02/22/2008 12:00AM

Fresh optimism for F-T's Calder sale


LEXINGTON, Ky. - The general economic outlook might be uncertain, but North America's 2-year-old market got some good vibes from its bellwether Ocala Breeders' Sales Co. select auction on Feb. 12. That's creating some optimism - of the cautious kind - as the juvenile auction circuit swings over to Miami for Fasig-Tipton's Calder sale on Tuesday.

OBS's Ocala auction was small, selling just 89 horses, but it set sale records for both average ($157,640) and median ($125,000) after ringing up double-digit gains in each category. The sale outperformed expectations at a time when major auction house executives were saying they hoped to hold level, or gain slightly, on last year's returns. The OBS February numbers were encouraging news for sellers heading into Fasig-Tipton Calder, the calendar's largest select auction this year, with 265 horses cataloged.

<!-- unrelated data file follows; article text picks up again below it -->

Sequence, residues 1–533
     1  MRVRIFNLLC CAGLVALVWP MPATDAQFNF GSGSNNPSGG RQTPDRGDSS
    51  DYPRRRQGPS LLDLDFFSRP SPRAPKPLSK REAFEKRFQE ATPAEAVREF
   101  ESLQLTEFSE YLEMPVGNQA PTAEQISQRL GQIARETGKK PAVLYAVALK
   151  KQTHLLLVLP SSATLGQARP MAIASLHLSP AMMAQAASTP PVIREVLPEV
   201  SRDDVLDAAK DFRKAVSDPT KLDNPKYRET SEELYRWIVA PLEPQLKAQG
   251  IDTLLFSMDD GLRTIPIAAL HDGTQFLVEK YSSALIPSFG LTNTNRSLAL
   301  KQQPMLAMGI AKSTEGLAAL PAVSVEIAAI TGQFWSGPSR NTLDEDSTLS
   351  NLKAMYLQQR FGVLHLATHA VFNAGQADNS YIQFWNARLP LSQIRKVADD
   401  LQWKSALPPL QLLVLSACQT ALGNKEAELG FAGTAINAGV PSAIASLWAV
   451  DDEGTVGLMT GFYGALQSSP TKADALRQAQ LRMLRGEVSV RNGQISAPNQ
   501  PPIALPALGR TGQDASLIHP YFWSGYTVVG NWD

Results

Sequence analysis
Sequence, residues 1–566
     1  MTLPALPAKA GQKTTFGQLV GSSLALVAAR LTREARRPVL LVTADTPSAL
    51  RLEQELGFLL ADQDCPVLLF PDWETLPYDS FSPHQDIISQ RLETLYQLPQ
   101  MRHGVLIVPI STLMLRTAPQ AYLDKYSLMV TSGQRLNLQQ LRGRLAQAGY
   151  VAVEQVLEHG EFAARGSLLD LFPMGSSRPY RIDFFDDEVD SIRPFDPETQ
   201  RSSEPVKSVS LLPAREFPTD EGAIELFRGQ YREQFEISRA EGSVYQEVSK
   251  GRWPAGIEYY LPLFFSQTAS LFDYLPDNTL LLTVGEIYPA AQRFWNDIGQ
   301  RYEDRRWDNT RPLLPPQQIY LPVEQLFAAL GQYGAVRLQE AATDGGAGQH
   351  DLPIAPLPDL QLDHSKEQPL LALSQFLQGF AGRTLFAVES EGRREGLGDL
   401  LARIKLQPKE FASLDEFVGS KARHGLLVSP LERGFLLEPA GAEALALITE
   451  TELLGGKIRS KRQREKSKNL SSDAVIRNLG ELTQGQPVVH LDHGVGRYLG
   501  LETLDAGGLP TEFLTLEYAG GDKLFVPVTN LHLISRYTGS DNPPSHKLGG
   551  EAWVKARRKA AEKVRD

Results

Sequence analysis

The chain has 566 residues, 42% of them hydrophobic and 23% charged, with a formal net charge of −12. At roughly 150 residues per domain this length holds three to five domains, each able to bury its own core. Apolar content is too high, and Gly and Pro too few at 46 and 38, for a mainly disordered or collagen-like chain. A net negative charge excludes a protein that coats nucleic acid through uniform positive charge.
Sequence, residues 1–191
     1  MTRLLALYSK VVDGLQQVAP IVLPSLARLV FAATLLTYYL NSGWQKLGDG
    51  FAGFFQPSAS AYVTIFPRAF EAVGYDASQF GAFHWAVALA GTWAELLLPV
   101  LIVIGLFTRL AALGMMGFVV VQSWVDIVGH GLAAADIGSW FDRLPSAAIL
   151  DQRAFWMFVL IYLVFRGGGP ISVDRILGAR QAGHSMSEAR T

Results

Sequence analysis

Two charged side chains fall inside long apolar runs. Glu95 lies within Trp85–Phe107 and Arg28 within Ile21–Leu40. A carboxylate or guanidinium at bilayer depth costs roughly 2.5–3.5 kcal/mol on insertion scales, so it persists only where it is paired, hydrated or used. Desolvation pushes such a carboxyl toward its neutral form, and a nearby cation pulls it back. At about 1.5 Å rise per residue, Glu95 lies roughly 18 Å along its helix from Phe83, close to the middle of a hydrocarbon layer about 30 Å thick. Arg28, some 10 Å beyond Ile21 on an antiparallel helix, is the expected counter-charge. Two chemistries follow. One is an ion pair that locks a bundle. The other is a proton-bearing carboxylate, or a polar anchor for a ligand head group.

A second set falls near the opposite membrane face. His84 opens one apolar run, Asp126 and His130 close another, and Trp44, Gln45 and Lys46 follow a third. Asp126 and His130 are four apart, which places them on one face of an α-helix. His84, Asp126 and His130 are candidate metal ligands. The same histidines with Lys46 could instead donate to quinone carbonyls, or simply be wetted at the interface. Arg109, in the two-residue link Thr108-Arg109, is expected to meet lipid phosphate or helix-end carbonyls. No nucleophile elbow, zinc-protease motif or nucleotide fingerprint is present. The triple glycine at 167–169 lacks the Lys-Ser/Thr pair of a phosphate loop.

Last year's Fasig-Tipton Calder sale posted mixed results. The 2007 auction saw a 30 percent drop in gross after selling 124 horses, down from 154 - and a world-record $16 million hammer price for The Green Monkey - in 2006. Average price dropped, too, falling 13 percent to $351,790, and buy-backs rose from 33 percent the year before to a high 41 percent. But the median, unaffected by the aberration of 2006's world record, actually climbed 25 percent to $250,000. The declines in gross and average were steeper than at other auctions that didn't come off world-record seasons the year before, but they were also broadly in keeping with a slowdown across the select 2-year-old marketplace.

Consequently, yearling-to-juvenile resellers had less to spend at the 2007 yearling sales to restock their inventory. The juvenile marketplace is highly selective, meaning resellers couldn't afford to lower the quality of the yearlings they chose, even at sales where quality yearlings were selling for a premium. Instead, they generally opted to trim their gross spending by buying fewer horses. The OBS prices suggested that the resellers, known as pinhookers, did indeed bring quality to the auction ring again in 2008. Fasig-Tipton's chief operating officer, Boyd Browning, said he sees a similar trend at the Calder sale.